“The problems of skyrocketing college costs and low wages are linked together and result in poor economic mobility for people who graduate with the burden of student debt,” said Huang, who is working with the student organizers. “The march is about mobilizing students across the country to shape the national conversation about what college costs look like today, especially in an age of student debt, low wages and high tuition.”
Thousands of students have over the years waived picket signs and chanted slogans in support of raising minimum wages for low-income workers, learning valuable lessons of organizing that they are now applying to their own cause. They are demanding free tuition at public universities, the cancellation of all student debt and a $15 minimum wage for all campus workers.
The high cost of college has come up along the presidential campaign trail. Republican contenders Sen. Marco Rubio (Fla.) and former Florida Gov. Jeb Bush are said to be working on their own policy plans, while all of the Democratic candidates have proposed some form of debt-free public higher education.
The message has resonated with millennials, who have endured soaring college costs that forced many to take on tens of thousands of dollars in debt. Roughly 70 percent of students borrow to pay for college and graduate with an average debt of $29,000. While many have no trouble repaying the money, there is a growing consensus that students shouldn’t have to be mired in debt to get a degree.
A Harvard University Institute of Politics poll found that 57 percent of people under 30 believe that student debt is a major problem for young people.
White House hopeful Sen. Bernie Sanders (I-Vt.) has been one of the most vocal advocates for lowering the cost of college on the campaign trail, proposing a cost-share agreement in which states would pony up $1 for every $2 the federal government invests in higher education.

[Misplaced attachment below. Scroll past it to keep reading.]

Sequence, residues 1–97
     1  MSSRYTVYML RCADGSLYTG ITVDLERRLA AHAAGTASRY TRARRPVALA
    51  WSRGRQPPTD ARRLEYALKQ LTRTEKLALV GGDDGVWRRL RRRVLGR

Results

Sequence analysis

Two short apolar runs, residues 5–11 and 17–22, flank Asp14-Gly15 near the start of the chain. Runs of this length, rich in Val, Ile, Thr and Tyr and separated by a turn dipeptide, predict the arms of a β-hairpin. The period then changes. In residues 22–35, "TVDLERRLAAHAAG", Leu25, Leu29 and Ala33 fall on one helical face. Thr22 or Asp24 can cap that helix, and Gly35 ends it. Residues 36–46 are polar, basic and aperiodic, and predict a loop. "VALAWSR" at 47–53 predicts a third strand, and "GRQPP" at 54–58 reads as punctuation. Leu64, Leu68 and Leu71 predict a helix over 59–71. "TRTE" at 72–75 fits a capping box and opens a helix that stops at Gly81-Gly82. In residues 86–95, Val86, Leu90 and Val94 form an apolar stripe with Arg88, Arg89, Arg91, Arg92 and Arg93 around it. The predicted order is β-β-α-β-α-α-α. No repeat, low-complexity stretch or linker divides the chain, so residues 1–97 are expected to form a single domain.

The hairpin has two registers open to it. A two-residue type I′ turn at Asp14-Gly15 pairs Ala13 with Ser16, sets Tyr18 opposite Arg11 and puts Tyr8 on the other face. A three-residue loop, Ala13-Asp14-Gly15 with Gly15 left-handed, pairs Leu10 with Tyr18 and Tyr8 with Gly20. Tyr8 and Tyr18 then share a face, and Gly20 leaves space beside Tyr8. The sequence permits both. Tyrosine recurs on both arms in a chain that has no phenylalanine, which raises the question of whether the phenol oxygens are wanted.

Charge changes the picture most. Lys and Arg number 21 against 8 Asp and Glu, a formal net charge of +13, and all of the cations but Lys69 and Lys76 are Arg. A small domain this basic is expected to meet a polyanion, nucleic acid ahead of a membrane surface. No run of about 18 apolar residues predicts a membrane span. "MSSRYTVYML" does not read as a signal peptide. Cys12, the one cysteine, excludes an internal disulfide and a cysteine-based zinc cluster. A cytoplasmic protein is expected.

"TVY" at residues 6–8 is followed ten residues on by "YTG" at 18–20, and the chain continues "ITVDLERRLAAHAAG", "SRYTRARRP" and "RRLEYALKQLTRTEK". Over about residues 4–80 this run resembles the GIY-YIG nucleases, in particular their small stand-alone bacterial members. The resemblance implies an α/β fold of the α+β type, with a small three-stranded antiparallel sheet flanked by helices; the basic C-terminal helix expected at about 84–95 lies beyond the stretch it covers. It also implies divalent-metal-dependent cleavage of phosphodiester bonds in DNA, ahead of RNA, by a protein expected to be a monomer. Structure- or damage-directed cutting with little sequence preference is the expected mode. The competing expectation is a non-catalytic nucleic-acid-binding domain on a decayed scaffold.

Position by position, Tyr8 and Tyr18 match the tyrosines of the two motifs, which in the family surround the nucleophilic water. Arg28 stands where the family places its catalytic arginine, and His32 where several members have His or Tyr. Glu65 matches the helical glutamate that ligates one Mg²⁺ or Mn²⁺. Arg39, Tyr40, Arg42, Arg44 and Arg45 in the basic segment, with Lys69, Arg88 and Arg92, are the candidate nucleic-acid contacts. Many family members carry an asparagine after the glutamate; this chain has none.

Something Sanders said — about how to bring student debt to an end — was what gave organizers the idea for the march.
During an interview with Katie Couric in June, Sanders said, “If a million young people march on Washington [and say] to the Republican leadership, ‘we know what’s going on, and you better vote to deal with student debt. You better vote to make public universities and colleges tuition free,’ that’s when it will happen.”
Elan Axelbank, a third year student at Northeastern University in Boston, said Sanders’ comment gave students a pathway. Asking broke college students to travel to Washington seemed like a stretch, but he and his co-organizer, Keely Mullen, figured students could easily take to the quads in protest.
Although Sanders inspired the movement, organizers say they’re not backing him — or any other candidate — because they want to encourage a broad coalition. They created a Facebook page and Web site, calling students across the country to action. Axelbank said the response was overwhelming. The group launched a central organizing committee to flesh out the demands and plan the day of action.
“The three demands were designed to bring as many people into this movement as possible and meet the needs of future students and past students,” Axelbank said. “There are people who are 30 with $40,000 in student debt, and because of that they haven’t been able to buy a car or home. It’s difficult to settle down if you’re still paying off that debt.”
On Thursday, students used Twitter, with the hastag #MillionStudentMarch, to get the word out: